Hall has been clear that a plan will be developed when shortcomings are identified, and that will take time. But it is clear to us that Hall expects to use autonomy the school will enjoy to shift resources toward the hiring of stronger teachers who can act as mentors.

The Rowland community soon enough will sign on to the program, and realize the ISD for what it is, at least potentially, an escape from blissfully accepting less for these children — and the five-year commitment that provides time for it to make a real difference.

Enough commissioners recognized that to stop the county’s endorsement of the resolution, in effect unhitching themselves from a position that could be damaging next time voters are darkening a ballot. They are willing to accept that the local system needs help, and in this case that might require stepping aside.

Our belief is that as soon as Hall and the management team are allowed to get to work and bring in new teachers and a game plan, results will follow — and that other local communities that have been failed by their local schools will raise their hand for inclusion.

Stay tuned for more updates from Policy Watch as they develop.


NC Utilities Commission reaches partial settlement with Duke Energy over rate hikes; still disagree on coal ash

Residents in Duke Energy Progress’s service area could pay an average of $18 more a month for electricity if the state utilities commission approves the company’s request for a rate hike. (Map: Duke Energy)

The public staff of the NC Utilities Commission went behind closed doors with Duke Energy Progress today to hammer out a partial settlement agreement regarding the utility’s request for a 16.7 percent increase in residential rates.

These private negotiations occurred instead of a public evidentiary hearing, which was scheduled for today at 1 p.m. That hearing has been postponed until next Monday at 1:30 p.m..

According to the preliminary settlement, the main takeaway involves the return on equity — the amount of net income that measures profitability. Under the preliminary settlement, that return on equity would equal 9.9 percent. Duke Energy had originally proposed a figure of 10.75 percent. The public staff wanted a 9.2 percent return, according to the Charlotte Business Journal.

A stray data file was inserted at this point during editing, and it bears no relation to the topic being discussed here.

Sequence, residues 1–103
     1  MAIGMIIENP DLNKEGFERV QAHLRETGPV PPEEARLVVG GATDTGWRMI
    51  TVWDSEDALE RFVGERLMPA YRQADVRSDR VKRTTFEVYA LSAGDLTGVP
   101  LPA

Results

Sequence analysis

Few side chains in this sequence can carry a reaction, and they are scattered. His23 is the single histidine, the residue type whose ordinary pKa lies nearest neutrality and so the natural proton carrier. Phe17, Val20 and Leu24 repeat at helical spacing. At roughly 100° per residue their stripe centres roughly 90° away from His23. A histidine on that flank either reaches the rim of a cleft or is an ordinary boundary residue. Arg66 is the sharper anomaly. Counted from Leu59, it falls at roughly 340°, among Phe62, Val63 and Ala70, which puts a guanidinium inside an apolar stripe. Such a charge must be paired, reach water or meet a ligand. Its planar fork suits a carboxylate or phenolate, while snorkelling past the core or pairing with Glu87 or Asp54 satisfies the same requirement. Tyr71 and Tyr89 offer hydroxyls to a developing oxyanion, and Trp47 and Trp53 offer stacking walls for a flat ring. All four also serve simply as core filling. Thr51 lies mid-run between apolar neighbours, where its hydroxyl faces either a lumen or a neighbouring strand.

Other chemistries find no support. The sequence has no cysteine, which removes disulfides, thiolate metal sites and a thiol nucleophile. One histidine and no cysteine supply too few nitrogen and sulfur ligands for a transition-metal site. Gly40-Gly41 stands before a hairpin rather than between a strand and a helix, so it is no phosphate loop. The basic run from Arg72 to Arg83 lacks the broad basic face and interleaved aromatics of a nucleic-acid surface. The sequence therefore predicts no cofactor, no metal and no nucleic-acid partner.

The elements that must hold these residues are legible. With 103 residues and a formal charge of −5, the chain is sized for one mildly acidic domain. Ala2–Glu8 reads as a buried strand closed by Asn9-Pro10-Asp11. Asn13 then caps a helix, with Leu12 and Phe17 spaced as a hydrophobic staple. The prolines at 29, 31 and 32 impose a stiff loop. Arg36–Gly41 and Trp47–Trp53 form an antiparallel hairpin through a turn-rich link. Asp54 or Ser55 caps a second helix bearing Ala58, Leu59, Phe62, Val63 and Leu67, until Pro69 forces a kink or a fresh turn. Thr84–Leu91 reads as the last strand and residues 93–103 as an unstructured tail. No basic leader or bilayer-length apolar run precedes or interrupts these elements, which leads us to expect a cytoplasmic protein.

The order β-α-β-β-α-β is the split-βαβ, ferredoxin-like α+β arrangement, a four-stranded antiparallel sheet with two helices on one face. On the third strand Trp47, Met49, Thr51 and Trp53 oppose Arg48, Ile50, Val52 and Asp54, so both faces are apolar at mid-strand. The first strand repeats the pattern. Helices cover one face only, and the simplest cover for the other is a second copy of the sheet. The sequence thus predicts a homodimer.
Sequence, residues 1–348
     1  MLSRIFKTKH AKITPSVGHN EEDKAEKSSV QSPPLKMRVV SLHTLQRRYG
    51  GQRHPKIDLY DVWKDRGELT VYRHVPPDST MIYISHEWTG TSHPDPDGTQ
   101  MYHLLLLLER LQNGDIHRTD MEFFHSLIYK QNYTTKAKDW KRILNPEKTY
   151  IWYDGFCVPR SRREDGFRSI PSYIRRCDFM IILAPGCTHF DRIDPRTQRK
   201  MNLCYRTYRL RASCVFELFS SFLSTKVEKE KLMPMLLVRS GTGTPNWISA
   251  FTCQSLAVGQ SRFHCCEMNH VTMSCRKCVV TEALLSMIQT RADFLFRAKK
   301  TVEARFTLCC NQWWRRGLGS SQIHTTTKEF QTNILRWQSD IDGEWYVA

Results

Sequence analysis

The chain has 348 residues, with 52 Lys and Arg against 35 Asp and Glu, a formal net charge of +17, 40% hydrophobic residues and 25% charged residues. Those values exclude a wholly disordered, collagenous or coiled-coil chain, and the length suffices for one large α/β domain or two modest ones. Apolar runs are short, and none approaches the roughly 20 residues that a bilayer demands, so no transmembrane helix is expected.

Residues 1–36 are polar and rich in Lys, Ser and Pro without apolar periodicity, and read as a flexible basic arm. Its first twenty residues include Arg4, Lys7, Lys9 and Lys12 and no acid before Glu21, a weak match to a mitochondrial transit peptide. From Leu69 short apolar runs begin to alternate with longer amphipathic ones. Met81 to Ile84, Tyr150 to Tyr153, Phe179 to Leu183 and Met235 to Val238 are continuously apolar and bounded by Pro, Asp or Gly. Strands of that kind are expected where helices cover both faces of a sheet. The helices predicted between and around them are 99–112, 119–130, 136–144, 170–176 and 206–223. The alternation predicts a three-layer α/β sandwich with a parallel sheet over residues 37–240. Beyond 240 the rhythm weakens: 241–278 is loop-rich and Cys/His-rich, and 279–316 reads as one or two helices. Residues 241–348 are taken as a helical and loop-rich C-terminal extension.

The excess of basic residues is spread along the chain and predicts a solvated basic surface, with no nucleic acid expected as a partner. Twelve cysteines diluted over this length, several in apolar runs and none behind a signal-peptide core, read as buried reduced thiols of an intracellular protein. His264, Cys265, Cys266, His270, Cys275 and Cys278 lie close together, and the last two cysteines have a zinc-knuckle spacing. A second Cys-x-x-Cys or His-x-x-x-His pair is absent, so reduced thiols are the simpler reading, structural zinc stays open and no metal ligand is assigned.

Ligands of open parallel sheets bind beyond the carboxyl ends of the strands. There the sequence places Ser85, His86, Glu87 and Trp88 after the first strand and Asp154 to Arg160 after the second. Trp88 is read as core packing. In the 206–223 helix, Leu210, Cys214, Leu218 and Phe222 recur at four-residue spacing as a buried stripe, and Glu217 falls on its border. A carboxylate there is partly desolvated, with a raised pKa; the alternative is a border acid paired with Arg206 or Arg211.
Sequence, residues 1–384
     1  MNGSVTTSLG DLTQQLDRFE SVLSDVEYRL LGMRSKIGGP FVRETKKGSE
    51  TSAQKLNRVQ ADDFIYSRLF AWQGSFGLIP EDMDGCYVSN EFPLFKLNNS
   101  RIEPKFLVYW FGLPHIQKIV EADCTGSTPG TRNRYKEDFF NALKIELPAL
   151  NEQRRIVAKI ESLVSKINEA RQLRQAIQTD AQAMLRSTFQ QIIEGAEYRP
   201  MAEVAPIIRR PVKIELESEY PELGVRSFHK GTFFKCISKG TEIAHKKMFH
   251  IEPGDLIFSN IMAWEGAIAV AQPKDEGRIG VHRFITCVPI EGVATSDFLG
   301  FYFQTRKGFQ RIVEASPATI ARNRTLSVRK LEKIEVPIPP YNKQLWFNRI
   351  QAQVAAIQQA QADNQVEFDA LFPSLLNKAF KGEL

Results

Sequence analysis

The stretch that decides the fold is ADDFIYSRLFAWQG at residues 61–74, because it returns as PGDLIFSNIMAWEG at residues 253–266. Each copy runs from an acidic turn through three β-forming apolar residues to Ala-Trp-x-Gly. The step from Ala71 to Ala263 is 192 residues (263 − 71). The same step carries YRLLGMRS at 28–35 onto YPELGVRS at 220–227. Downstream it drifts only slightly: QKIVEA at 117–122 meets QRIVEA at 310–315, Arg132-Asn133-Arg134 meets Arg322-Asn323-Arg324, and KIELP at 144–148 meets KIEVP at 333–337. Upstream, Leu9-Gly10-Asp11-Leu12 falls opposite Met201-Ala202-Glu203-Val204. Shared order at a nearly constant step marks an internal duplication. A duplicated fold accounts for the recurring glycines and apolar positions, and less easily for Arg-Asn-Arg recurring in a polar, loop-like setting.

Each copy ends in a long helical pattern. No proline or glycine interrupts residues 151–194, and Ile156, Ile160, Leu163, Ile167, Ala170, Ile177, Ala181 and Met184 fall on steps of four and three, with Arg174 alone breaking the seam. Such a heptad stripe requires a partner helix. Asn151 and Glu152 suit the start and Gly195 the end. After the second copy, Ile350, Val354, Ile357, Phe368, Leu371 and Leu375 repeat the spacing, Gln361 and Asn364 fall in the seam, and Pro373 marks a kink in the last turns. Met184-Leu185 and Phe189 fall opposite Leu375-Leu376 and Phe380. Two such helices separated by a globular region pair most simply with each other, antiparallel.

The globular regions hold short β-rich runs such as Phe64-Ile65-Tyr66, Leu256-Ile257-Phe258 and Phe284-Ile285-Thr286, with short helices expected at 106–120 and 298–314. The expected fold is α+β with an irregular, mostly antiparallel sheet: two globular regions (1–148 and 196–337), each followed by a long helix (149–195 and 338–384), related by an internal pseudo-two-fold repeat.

In terms of revenue, a 10.75 percent return equals $419 million; a 9.2 percent return, $319 million.

The public staff had also disagreed with Duke’s overall rate increase request of 14 percent (the average of industrial and residential hikes), recommending that it go up less than one-tenth of a percent.

The overall rate hike was not announced in the settlement, which will be part of next Monday’s hearing.

But the public staff, which represents the ratepayers, and the utility could not agree on who should bear the costs of the coal ash cleanups. Those costs — abut $130 million — factor into Duke Energy’s rate hike request, as do repairs to infrastructure that had been damaged by Hurricane Matthew.

Duke Energy Carolinas, which has a different service area than Duke Energy Progress, has requested an average rate hike of 13.6 percent. However, residential customers would see a greater increase — 16.7 percent — versus commercial and industrial customers –10.9 percent.

Public hearings on that request begin in January.

Settlement by Anonymous B0mRtPKjko on Scribd

Courts & the Law, News

Report: AOC to mail 615 monthly waivers to prepare for change in court fines, fees

A budget provision that will make it more difficult for judges to waive court fines and fees for indigent defendants goes into effect Dec. 1, but the Administrative Office of the Courts has found a way to lighten the load.